So how to help baby walk on their own? As we mentioned the main thing here is shifting weight, so try to interact so she has to move sideways. You can also help her so that she has balance holding your hands and assisting her wherever she wants to go. Although it’s recommended that you avoid helping her this way, mainly because some parents will resort to this technique and this one only, you can use it from time to time.
Now that your child knows how to move around using everything and anything around her, as she holds onto it, she’ll have more ground to cover and things to explore. This also means that you’ll have more work, as you’ll need to secure the furniture, hard surfaces and sharp edges. So use baby blankets, pillows, and cushions to create a safe environment for her to explore in.
Because she’ll be on her feet the whole time, sometimes she’ll want to rest. The problem is that she’s stuck holding onto furniture and can’t really let go. To help her improve her progress, and make things easy for your child, you can teach her how to let go and sit.
As she tries to let go, whether from being tired or bored from standing up, show her how to land so she doesn’t harm herself. The child will instinctively try to find the safest solution because by now she knows that soft and hard surfaces aren’t the same. This will help her immensely, as your child will know she can rest at any moment.
So how to help baby walk independently? Once your child is confident enough in cruising and walking by holding onto stuff, it’s time to prepare for the next step. Being that toddling is the next logical step, what you can do is to arrange the furniture, so that she has to let go for a brief moment to reach the next supporting surface. Cruising this way from one safe ground to another, helps her increase mobility, balance, and core strength even further. It might take some time for her to understand that she actually needs to let go and walk or stumble to another surface that acts as a support. Just like in any previous stage, use toys, lots of encouragement and praise.
Toddling is a period when your little one walks without holding onto anything. At first, she’ll stumble onto things, fall, trip, so be sure to secure everything just like in previous steps. You’ll enjoy watching their funny walks as they jiggle, toddler and stumble onto anything and everything in their path. So what do you do to help her master toddling and become proficient at walking? Encouragement, playtime, and interaction. These three things are crucial for their progress in any developmental stage, whether learning how to walk or anything else for that matter.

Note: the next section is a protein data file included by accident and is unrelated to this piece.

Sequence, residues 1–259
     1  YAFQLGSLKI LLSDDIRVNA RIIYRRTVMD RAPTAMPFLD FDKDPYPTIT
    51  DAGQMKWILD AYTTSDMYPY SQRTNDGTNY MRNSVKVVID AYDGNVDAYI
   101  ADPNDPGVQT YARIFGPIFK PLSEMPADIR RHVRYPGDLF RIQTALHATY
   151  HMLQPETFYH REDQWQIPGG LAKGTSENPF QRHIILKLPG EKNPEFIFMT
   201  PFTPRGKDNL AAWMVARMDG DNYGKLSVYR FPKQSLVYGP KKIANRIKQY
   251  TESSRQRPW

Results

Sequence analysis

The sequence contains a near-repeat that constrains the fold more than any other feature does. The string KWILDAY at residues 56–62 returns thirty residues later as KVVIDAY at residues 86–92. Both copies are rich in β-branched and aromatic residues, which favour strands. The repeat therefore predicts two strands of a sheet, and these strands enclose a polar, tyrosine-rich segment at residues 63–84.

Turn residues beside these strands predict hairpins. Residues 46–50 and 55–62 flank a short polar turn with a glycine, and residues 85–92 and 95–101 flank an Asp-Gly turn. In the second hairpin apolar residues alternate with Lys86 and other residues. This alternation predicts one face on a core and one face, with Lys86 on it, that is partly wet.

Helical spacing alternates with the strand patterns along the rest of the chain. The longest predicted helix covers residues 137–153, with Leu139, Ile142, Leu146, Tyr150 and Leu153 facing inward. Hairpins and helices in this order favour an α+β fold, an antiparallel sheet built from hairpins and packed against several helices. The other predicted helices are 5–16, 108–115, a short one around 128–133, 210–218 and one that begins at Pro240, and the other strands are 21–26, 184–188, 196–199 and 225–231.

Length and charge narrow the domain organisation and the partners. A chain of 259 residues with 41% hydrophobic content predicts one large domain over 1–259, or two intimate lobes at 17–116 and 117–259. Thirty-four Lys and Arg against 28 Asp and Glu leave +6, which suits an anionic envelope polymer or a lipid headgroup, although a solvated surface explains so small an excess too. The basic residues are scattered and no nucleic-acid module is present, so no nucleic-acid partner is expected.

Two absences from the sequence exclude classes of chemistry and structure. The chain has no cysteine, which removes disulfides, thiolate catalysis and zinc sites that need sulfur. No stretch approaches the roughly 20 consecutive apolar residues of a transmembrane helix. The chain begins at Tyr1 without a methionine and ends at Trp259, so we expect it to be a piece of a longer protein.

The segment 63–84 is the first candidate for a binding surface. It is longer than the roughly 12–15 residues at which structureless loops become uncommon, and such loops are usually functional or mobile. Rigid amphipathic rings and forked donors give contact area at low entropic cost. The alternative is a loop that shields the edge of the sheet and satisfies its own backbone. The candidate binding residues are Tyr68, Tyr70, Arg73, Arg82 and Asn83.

The child needs support from you and is relying on it every time they have difficulties learning new skills. What you can do with toddling, is dancing, playing around and trying to help her move and spend energy as much as possible. She still needs to perfect weight shifting from one foot to another, to achieve controlled falling. So introduce songs, dance, and playtime that involve a lot of movement.
Finally, your child has learned how to walk on their own. It took a lot of patience, discipline, and persistence to get there but you did it. There are few corrections that you might need to make when your little one starts to walk on their own. These include finding the right shoes, correcting their foot placement to avoid tripping, etc. But for the most part, you’ll just enjoy watching your child walk on their own. She’ll ask to hold your hand which you shouldn’t deny at any time. They’re still a baby and need your love and affection.
Seeing your child through each stage and guiding them through each developmental milestone is important for their progress. That’s why you’re there, to act as a support, to comfort them when they are moody, and to teach them to move forward and focus on things that are important. They’ll absorb everything like a sponge so pick your words of advice. The more you’re creative at preparing their playground or securing the area in which they spend their time, the more they get from it. They’ll progress faster and absorb that creativity which is quite important.